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This autobiographical career journey article was published in Fort Wayne Woman magazine in 2006.   

WHEN I GROW UP
  
by Laurie Gray
  
Sometimes I still ask myself what I want to be when I grow up.  I'm a farm girl turned Spanish teacher turned trial lawyer turned parent who now aspires to write in the oddly unscheduled spare time afforded the mother of a preschooler.  I don't recall ever deciding I wanted to be any of these things as a child.  It's just the way my life has unfolded.  I grew up in a conservative family in rural Indiana and spent more Saturday mornings scraping hog lots than I care to count.  I went to Goshen College, a small Mennonite college in Goshen, Indiana, because they sent me a brochure that looked like a blue United States passport.  Goshen College requires all students to spend a Study Service Term in a third-world country studying the culture and language for six weeks and then performing volunteer service for six weeks.  I was hooked.  I wanted to see the world. 
 
I went to Costa Rica in 1983, living with a family in the capital city, San Jose, during the first half and then with another family in Hojancha--a small pueblo 20 miles from the nearest paved road--for the second half.  I did not grow up with animals inside the house, so each morning in Hojancha I felt compelled to shoo all of the chickens out of my room to dress in private.  Then I would walk several miles down a dirt road, usually followed by the neighbor's pig, to the school where I taught English.
   
By the time I left Costa Rica in the spring of 1983, I was fluent enough in Spanish to spend my junior year abroad in Barcelona, Spain.  Why would anyone want to spend every day trudging to classes on campus and every night studying in a library if they could live abroad and get most of their education through experience?  All I had to do was to change my major (which I had already changed from Undecided to Psychology) to Spanish so my scholarships would apply abroad.  As a Spanish major, I would also have to take at least six credit hours of another foreign language to graduate, so I signed up for German at the University of Barcelona.  For the record, Barcelona is a great place to drink German beer, but not the best place to study German.  If I hadn't spent two weeks in Germany over Christmas vacation, I might not have passed. 
Over an extended Christmas break, another student and I bought Eurail Youth Passes (giving us complete access to western European by train) and backpacked through Europe for a month.  We traveled to Italy, Switzerland, Austria, Germany, Holland, and England.  In Italy we attended a mass given by Pope John Paul II at St. Peter's Square.  We also had the most bizarre experience in Rome.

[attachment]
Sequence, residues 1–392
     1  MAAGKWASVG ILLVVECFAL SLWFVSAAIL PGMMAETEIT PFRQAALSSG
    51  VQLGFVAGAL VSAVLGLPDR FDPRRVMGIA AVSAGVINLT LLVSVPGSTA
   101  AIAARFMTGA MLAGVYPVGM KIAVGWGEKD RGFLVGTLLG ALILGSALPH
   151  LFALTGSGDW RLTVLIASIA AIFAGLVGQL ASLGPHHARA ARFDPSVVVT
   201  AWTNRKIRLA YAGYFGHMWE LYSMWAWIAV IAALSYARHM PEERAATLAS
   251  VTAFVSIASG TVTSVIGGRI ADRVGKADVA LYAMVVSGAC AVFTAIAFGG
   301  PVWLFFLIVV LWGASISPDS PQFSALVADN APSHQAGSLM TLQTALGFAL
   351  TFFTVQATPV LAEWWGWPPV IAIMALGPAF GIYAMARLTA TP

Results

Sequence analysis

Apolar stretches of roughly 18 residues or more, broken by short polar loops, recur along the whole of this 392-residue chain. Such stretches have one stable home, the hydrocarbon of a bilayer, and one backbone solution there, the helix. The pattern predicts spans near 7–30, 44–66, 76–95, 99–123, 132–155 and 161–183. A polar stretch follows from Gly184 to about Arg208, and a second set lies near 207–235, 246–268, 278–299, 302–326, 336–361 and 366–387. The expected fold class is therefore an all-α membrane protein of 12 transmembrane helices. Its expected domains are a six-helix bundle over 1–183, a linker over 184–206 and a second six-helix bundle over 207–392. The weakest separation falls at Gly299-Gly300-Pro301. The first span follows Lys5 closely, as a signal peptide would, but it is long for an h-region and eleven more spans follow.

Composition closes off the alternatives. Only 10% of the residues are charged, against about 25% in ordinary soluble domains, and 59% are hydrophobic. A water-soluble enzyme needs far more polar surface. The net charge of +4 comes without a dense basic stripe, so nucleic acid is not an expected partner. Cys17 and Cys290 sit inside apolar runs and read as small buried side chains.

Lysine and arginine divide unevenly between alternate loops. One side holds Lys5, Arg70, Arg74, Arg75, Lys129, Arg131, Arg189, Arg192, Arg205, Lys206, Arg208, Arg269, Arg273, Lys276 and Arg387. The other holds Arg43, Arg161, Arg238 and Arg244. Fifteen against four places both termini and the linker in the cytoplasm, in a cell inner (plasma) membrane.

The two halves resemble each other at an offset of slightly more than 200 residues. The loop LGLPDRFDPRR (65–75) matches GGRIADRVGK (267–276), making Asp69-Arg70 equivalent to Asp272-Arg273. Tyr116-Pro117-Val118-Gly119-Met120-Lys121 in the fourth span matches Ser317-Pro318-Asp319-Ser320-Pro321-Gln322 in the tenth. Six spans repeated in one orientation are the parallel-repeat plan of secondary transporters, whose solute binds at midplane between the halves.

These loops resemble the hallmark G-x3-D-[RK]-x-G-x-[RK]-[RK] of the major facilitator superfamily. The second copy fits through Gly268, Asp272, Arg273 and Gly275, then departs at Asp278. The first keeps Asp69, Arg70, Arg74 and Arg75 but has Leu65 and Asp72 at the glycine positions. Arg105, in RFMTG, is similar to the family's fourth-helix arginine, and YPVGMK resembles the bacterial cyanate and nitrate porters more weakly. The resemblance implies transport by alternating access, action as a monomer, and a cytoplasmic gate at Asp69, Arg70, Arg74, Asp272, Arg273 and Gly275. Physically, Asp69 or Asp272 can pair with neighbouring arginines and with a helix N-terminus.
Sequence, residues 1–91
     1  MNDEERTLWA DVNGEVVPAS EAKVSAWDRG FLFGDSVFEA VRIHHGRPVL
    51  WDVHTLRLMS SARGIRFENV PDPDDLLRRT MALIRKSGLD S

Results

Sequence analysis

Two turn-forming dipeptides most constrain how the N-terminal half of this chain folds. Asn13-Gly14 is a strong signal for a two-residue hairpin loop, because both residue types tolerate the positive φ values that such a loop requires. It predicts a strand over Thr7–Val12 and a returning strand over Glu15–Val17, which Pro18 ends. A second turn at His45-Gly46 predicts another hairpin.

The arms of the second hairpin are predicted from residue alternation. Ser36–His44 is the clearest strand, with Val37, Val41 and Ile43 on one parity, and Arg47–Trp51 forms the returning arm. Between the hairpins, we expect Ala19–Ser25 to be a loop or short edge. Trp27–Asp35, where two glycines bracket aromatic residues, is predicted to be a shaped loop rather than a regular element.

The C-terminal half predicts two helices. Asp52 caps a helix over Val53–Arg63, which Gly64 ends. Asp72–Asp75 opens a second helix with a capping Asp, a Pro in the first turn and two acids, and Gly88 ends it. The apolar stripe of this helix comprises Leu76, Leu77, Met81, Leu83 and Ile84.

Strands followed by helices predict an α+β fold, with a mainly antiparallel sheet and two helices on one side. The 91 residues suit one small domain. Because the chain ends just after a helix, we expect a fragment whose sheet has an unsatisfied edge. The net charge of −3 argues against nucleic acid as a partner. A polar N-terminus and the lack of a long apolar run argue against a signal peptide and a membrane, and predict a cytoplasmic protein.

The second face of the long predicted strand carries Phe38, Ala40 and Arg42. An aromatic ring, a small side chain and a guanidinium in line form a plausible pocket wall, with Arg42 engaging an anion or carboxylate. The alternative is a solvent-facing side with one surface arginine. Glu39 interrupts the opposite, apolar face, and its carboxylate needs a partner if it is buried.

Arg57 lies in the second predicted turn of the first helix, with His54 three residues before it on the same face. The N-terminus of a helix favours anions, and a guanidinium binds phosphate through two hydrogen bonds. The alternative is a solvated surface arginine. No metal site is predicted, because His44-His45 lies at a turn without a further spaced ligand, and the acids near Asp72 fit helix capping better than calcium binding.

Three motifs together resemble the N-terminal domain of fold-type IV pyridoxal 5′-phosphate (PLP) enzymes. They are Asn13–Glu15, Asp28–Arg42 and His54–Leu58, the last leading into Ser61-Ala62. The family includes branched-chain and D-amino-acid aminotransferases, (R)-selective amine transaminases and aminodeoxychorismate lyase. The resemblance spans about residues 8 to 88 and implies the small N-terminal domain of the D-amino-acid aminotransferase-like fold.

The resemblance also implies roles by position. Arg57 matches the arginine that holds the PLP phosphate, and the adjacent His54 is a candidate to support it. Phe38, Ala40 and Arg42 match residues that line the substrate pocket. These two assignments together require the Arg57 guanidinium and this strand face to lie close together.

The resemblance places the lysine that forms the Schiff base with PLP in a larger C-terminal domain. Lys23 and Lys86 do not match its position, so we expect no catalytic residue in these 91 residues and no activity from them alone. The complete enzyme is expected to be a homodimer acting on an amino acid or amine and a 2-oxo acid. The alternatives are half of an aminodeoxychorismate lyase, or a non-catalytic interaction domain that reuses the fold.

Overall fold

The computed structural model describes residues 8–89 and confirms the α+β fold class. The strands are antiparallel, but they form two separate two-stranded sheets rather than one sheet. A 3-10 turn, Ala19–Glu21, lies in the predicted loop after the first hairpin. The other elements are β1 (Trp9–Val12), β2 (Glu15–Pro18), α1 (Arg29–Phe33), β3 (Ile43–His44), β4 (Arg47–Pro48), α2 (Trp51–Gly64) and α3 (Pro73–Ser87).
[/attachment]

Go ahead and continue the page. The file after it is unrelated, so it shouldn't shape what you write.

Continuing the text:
As we were walking out of the Vatican Museum, a gentleman walking in front of us dropped a stack of postcards.  We stopped to help him pick them up.  He thanked us and asked us to join him for a drink.  His name was Thomas Bernadette, and he claimed to be a Swedish prince.  He invited us to meet him again in Rome during our Easter vacation.  I went back to Rome with another friend, and while we were there, he asked me to marry him.  I declined for two reasons:  I had flown home for a friend's wedding in February and gotten engaged to a high school sweetheart; and the Swedish prince was gay, wanted children, and thought I would make a suitable mother and companion.  The engagement to my high school sweetheart ended shortly after I returned to Indiana from my year abroad. 
    
The summer between Costa Rica and Spain, I had worked on the line at Elkhart Traveler, a trailer factory in Goshen.  The summer after Spain, I managed the dining room at Amish Acres in Nappanee, Indiana.  I added Secondary Education to my major so I could get licensed to teach Spanish and did my student teaching at Northwood High School in Nappanee.  To make myself more marketable, I decided to add a minor in English Education by taking five literature courses in the spring of 1986.  I can't tell you how many books I read or papers I wrote during that four-month literary fog, but I can tell you that studying German in Barcelona and picking up an English minor in a semester are both excellent preparation for law school.
  
Although my parents were hoping I'd spend the summer after graduation earning money and trying to find a teaching job, I wanted to travel.  Finances being a serious issue, I wrote to a missionary in Guatemala and offered to work in exchange for room and board.  I did have one job interview in LaPorte, Indiana before I left.  I heard there might be a Spanish teaching position available at Whitko High School in South Whitley, Indiana, and delivered my resume to the principal there in person before I left for Guatemala.  He kept my resume, but told me that he could not begin interviewing for the position until later in the summer.
  
When I arrived in Guatemala, I learned that the missionary had decided to go on furlough for the summer.  We met the night I arrived in Guatemala City, and he and his family left for the States several days later.  He left me his house (complete with a gardener and a lady who did all of the cooking, laundry and cleaning), his van, his congregation, just enough cash to run the household for two months, and a list of all of the church groups that would be visiting during the summer.  I met the groups at the airport, acted as their chauffeur, tour guide, and interpreter, and in between taught a few English classes and played piano and guitar at the church.